I've been struggling with some thoughts lately. Often people who know Zoya pretty much forget her life before us. I truly wonder if some people just think the moment the child crosses the line into America, their life is redeemed and they go on their happy way, with no "baggage." I wonder if people think I'm holding on to the past too much when I talk about how her early days affect her current days. And if they think that, then they probably haven't been in our shoes. The truth is, most of Zoya's difficulties lie in her early years of deprivation, NOT in Down Syndrome. I made it a point at Zoya's IEP meeting to tell them that in my opinion as her mama, her real disability is the anxiety and post traumatic stress she struggles with from her 22 months spent barely living in an orphanage. Her brain is wired differently because of the first 22 months she spent with little interaction, struggling each day just to survive, going through open heart surgery and recovery alone, not having anyone to nurture her or rock her or kiss her or love her.
I struggle with the guilt of this, as I've written about before. There are days, certainly, that I just wish with all my might that I could have met my babies they day they were born...that I could have been there for them from day 1....that they wouldn't have had to endure those months and years without the love they so clearly need and deserve. But, that's not how it happened, and I will continue to praise God because He knows best...even if we can't grasp that right now.
I struggle with trying to put it all into perspective and just "forget" the past. I can't ever forget her beginning (or any of my girls' beginnings), but I don't want to dwell on it either. The truth is, though, that even nearly 3 years post-adoption, Zoya still needs me to remember so that I can parent her accordingly (with a much more sensitive and gentle style than I'd naturally be inclined to) and advocate for her needs accordingly. She has come a long way, she sure has! BUT, I'd be kidding myself to think that her brain developed in the same way it would have had she had those first 22 months with a loving family. Zoya's beginning in life will always play a part in the person she is. Maybe her beginning has affected her more than some children and less than others, but either way, it has clearly affected her. And we recognize that. I'd be failing Zoya if I just brushed it under the rug. I'm not trying to use this as an excuse for Zoya and I'm very careful not to fall into that trap. Do I think Zoya has active memories of terrible things from early on? No, but I think her brain remembers and her emotional regulation (or lack there of) responds accordingly. We might never be able to grasp the extent of how those early years shaped the child she is today.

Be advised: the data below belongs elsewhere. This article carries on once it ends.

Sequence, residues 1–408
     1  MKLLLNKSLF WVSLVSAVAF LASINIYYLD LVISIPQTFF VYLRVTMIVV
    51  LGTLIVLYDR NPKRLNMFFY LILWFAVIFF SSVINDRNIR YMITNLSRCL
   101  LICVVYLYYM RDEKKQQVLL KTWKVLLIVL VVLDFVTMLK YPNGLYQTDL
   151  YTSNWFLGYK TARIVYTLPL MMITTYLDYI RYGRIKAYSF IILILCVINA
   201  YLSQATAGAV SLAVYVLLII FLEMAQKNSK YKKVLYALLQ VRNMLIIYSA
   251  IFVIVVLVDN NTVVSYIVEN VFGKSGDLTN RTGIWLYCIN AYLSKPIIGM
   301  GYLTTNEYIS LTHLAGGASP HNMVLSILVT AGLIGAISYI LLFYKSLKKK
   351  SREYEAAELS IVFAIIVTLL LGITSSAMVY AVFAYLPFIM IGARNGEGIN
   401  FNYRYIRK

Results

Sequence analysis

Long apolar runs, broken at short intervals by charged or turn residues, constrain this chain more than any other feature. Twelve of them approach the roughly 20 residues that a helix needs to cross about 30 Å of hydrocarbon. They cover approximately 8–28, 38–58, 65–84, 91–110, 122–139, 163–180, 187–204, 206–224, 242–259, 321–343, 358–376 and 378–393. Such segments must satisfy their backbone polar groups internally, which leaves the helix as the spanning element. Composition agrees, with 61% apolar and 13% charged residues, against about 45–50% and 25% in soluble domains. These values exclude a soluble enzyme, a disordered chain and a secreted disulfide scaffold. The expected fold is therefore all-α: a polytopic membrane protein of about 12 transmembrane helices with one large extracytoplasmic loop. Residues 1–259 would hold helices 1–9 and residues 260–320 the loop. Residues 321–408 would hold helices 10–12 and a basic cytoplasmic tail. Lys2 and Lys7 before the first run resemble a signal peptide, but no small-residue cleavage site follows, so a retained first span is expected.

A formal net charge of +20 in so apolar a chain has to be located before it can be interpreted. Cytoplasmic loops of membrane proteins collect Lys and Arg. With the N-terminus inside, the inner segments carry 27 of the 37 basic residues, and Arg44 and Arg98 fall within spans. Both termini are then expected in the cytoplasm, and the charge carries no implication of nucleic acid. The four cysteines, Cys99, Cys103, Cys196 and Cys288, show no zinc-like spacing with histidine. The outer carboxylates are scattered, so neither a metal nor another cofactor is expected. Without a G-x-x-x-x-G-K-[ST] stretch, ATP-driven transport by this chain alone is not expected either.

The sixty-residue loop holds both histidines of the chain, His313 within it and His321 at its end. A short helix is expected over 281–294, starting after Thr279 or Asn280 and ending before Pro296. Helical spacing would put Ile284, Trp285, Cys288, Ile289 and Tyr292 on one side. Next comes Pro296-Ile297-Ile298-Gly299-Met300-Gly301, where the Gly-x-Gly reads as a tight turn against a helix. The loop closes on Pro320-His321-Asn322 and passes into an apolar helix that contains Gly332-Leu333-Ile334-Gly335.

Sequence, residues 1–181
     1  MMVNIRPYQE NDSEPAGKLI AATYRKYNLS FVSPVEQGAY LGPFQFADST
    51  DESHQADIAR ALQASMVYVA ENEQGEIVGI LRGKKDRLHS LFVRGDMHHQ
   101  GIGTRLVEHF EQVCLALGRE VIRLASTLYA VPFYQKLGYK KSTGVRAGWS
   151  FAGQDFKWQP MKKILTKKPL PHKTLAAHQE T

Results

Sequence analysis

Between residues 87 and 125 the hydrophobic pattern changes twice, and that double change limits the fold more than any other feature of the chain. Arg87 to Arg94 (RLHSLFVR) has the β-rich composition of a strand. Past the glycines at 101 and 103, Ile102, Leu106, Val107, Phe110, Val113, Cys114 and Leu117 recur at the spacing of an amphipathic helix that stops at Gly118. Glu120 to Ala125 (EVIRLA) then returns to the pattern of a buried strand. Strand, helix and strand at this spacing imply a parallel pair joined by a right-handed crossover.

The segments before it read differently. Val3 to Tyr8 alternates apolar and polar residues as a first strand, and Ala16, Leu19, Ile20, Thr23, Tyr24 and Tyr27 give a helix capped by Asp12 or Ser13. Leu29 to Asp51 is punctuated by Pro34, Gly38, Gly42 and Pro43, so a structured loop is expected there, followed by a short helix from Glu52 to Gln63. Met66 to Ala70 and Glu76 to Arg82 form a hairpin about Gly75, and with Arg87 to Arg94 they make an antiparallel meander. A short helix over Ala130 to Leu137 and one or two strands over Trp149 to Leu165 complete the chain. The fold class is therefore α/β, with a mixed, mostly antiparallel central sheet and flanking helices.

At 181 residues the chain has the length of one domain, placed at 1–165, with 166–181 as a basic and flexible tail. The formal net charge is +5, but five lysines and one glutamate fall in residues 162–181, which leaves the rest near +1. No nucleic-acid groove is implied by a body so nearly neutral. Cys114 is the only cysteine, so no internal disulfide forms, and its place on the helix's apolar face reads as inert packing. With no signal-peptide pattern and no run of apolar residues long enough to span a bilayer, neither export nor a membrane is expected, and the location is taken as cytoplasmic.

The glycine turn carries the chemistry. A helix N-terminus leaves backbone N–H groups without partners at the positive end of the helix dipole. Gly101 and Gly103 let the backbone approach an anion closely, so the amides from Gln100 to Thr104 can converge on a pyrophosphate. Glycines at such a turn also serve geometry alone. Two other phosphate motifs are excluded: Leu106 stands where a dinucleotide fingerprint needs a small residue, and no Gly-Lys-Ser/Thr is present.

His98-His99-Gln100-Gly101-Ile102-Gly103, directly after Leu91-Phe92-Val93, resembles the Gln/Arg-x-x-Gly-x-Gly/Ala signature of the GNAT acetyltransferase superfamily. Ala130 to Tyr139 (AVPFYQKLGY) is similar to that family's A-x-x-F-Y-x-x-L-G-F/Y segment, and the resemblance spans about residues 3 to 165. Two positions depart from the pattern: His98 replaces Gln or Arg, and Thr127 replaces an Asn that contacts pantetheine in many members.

At the end of the day, it's important for Zoya, and for us as her parents, not to just forget the loss and loneliness that she has experienced early on in life. Grieving along side her, at times, has been the glue that has bonded us. At the same time, it's important to remember that the best way to help her is to just keep loving her. God has made it clear to me (over and over and over since I'm stubborn) that my job as Zoya's (and Mila and Sofia's) mama is to simply love them. That's it. Just love them. That sure takes a lot of pressure off of me, because loving them is so easy to do.
So, my friends, my point is that redemption is not always an overnight happening. Sure, in the literal sense of the word, Zoya was delivered from her old life the moment we took her out of that orphanage. But, I'm here to tell you that her redemption is a lengthy process. Redemption is still being seen and felt almost 3 years later, as the Lord continues to deliver and heal Zoya. And as he does that, we love her for exactly who she is today, triumphs and struggles.